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U.S. Eases Sanctions on IranAired March 17, 2000 - 2:06 p.m. ET
THIS IS A RUSH TRANSCRIPT. THIS COPY MAY NOT BE IN ITS FINAL FORM AND MAY BE UPDATED.
NATALIE ALLEN, CNN ANCHOR: If you're old enough or know your history, you'll recall it was ping-pong diplomacy that led to better relations between the United States and China. Today, the United States has put pistachios at the center of an opening toward Iran.
Since the Islamic revolution with the taking of American hostages, Teheran and Washington have traded insults mostly. But in recognition of Iran's budding reform movement, the Clinton administration will allow the sale of certain Iranian fruits and nuts. plus Iranian carpets. Though it's not Iranian oil, it is a start.
For more on all of this, from the State Department, let's go to CNN's Andrea Koppel -- Andrea.
ANDREA KOPPEL, CNN STATE DEPARTMENT CORRESPONDENT: Good afternoon, Natalie.
In a speech earlier today, Secretary of State Madeleine Albright signaled a major shift in U.S. policy towards Iran, announcing that the U.S. would make a number of gestures addressing some of the Iranian key grievances, even apologizing for past wrong.
The United States made the decision that following last month's parliamentary elections in Tehran in which reformers swept to victory, those most in favor of improving policies and relations with the United States, that this was the right time to make those gestures. However, Mrs. Albright explained in a briefing to reporters a short time ago, the United States still has serious concerns regarding some of Iran's policies, and these would have to be on the table if and when dialogue resumes.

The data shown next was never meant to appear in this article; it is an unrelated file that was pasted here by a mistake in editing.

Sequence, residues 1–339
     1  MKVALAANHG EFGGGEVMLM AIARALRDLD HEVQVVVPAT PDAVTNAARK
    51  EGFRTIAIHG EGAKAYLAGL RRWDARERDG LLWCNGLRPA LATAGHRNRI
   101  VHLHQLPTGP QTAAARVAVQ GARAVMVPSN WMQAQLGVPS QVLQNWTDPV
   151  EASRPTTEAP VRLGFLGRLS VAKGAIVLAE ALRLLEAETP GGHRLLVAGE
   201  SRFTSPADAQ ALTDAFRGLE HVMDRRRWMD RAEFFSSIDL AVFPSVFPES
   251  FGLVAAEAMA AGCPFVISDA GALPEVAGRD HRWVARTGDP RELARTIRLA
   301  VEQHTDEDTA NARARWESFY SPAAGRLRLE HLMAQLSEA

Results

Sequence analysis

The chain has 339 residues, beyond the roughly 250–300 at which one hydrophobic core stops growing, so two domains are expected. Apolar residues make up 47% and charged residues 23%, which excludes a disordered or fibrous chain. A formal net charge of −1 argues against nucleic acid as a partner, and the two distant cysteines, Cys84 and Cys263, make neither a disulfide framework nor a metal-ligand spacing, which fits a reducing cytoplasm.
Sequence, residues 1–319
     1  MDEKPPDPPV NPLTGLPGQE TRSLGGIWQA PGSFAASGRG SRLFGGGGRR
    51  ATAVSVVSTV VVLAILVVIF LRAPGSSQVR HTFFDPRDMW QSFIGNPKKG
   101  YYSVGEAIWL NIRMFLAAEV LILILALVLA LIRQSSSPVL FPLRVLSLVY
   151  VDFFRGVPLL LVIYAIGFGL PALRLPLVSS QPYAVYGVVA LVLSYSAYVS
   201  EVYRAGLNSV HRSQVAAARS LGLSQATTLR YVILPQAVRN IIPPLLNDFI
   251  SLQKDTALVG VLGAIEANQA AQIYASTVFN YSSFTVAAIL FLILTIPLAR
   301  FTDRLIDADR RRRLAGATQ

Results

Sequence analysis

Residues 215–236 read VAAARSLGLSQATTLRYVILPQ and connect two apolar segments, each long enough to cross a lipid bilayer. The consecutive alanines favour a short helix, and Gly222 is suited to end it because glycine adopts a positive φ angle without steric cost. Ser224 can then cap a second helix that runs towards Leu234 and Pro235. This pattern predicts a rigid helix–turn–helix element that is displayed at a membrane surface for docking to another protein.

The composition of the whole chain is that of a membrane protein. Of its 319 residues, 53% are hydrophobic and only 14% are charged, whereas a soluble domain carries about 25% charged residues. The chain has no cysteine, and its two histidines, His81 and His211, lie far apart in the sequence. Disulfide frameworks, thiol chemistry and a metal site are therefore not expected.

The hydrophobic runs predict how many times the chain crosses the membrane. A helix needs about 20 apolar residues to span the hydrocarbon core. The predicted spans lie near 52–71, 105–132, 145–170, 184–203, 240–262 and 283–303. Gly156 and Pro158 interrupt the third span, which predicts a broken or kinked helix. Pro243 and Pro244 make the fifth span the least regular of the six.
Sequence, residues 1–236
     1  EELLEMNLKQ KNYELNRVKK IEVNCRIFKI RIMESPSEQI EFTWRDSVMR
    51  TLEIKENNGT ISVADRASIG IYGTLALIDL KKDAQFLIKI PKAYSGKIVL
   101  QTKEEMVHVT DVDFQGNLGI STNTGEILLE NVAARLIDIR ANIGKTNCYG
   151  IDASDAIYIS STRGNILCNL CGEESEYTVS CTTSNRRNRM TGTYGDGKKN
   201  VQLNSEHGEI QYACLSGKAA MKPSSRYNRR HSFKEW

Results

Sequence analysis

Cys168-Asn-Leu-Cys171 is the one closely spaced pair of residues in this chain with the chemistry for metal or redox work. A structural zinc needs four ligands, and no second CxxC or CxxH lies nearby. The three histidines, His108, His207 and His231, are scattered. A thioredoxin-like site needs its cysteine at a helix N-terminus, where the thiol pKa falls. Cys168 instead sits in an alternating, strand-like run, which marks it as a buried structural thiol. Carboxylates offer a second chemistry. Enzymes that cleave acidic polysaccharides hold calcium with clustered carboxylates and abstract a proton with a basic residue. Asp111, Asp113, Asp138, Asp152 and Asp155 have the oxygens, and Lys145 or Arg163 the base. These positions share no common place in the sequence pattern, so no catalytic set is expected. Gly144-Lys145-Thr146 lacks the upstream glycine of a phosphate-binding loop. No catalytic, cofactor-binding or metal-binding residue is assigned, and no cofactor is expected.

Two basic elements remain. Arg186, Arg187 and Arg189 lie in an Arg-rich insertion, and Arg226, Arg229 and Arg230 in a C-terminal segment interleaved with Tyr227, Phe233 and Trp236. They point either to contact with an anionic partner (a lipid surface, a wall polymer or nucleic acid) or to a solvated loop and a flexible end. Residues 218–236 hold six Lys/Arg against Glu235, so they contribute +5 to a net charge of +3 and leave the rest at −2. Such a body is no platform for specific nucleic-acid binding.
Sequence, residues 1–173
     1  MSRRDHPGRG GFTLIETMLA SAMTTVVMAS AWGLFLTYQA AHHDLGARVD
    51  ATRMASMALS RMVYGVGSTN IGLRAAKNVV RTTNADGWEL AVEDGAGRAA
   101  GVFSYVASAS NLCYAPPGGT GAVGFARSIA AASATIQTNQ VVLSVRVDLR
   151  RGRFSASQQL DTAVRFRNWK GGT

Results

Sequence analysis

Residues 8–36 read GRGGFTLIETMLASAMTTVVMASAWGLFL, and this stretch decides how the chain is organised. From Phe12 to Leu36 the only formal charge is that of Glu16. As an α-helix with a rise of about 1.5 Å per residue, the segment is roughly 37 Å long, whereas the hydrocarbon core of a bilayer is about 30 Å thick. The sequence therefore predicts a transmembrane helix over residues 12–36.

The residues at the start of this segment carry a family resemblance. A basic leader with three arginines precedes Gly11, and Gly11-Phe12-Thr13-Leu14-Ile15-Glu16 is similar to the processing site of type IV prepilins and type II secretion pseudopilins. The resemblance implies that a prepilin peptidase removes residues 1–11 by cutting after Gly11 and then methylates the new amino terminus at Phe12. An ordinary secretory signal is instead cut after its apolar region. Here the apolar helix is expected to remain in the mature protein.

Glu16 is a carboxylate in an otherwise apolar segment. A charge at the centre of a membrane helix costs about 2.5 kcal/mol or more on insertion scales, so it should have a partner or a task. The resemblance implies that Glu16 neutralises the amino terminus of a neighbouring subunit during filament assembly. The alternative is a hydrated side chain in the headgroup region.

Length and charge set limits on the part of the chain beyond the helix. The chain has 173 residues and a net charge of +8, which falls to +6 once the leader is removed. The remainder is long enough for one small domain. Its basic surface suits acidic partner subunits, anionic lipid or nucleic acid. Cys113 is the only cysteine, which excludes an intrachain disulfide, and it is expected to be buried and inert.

(BEGIN VIDEO CLIP)
MADELEINE ALBRIGHT, SECRETARY OF STATE: The dramatic social and political...
ALBRIGHT: ... At the same time, we have to continue to take into account what has not changed. And that includes our very serious concerns about proliferation and about Iran's support for terrorism and its impact on the Middle East peace process.
(END VIDEO CLIP) KOPPEL: While Secretary Albright said that the U.S. would be willing to resume dialogue with Iran at any time and at any pace, she did say that the expectation of the United States is that Iran probably won't respond in any kind of conciliatory gesture for many months to come.
However, just a short time ago, Iran's ambassador to the United Nations, who also attended this speech, did respond in these comments.
(BEGIN VIDEO CLIP)
HADI NEJAD HOSSEINIAN, IRANIAN AMBASSADOR TO U.N.: It is positive in the sense that the administration has decided to ease part of the sanctions against Iran. Nevertheless, it is not yet certain in the minds of Iranians whether it will constitute a precedent to lift all sanctions that were placed against Iran, primarily due to American domestic politics in the first place, including, ironically, those renewed this past Monday by President Clinton.
(END VIDEO CLIP)
KOPPEL: What the Iranian ambassador to the U.N. was just referring to was President Clinton's decision earlier this week, which he was obligated to do by law, to renew all of the sanctions against Iran, including those preventing American companies from investing in Iran's lucrative oil and gas industry. However, all along, Natalie, the administration said renewing those sanctions didn't preclude them from easing some as they have today.
Reporting live, I'm Andrea Koppel, CNN, at the State Department.
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